What does it take to truly transform your sales organization? Do you even need to transform, or simply tweak? What levers can you pull to ensure and even accelerate success? These are several of the key questions that Michael Perla and I set out to answer with a two-year research project that culminates with the publishing of our book, the 7 Steps to Sales Force Transformation, to be published by Palgrave Macmillan on January 5th, 2016.
Like many business projects, sales effectiveness projects are often focused on the big 3 – Increasing revenue, cutting costs and/or reducing risks. When we talk to sales leaders, the primary stated business objectives of sales transformation projects usually tie back to increasing revenue – capturing new accounts, improving up-sell and cross-sell, increasing renewal rates, increasing revenue per seller productivity.
I’ve been amazed to read about and watch the developments of so-called “self-driving cars” or autonomous driving. The potential for this technology to fundamentally re-shape transportation in this country is almost limitless, from reducing the # of cars per household (or even ownership) and the need for large amounts of on-site parking at retail and office destinations, to enabling those both young and old with a new form of point-to-point personal transportation. As many recent stories have highlighted, the technology exists today; it’s more a matter of aligning our legal and insurance approaches to align with and support a new model.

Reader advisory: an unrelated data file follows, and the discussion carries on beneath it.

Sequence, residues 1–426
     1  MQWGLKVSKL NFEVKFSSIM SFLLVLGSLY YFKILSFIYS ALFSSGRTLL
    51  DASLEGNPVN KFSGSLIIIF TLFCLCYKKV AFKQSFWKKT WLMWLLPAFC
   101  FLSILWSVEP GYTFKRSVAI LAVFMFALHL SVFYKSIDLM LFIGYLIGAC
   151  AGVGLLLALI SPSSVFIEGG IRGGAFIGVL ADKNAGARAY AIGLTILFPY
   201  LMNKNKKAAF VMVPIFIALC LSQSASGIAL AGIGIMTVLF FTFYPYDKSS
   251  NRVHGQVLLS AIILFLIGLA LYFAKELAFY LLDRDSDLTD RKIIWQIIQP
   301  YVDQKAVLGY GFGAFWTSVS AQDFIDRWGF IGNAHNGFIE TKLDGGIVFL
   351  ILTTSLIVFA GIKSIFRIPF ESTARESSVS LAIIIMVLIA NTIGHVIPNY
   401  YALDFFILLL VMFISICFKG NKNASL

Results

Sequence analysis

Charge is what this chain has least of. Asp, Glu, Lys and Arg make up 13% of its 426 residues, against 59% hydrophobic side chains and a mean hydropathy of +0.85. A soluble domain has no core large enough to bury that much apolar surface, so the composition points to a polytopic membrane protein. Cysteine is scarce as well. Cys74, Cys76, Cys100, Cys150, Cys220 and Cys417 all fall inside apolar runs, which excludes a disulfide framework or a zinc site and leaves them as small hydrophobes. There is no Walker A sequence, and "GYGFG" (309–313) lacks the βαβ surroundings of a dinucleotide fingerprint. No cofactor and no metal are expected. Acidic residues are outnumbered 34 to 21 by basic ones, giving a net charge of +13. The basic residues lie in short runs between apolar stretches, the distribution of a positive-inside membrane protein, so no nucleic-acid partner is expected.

I heard Steve Cannon, the President of Mercedes-Benz USA, speak last week, and he confirmed that M-B has already demonstrated the technology – the main barrier is one of liability. In today’s environment, liability resides with the driver and their insurer, but in the future, if an accident is imminent and the “system” or software determines who or what to hit, who’s responsible?
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We have found that many sales training companies use the word “transformation” when they’re really only talking about tweaking the existing organization mostly through training, not holistic transformation. Depending on your case for change and the gap between your capabilities and desired results, rolling out sales training or a new tool might be the perfect solution.
Training could affect the change you need. Training could also prepare a sales force for an eventual transformation initiative or reinforce a transformation you have recently undergone. But training alone is not transformation.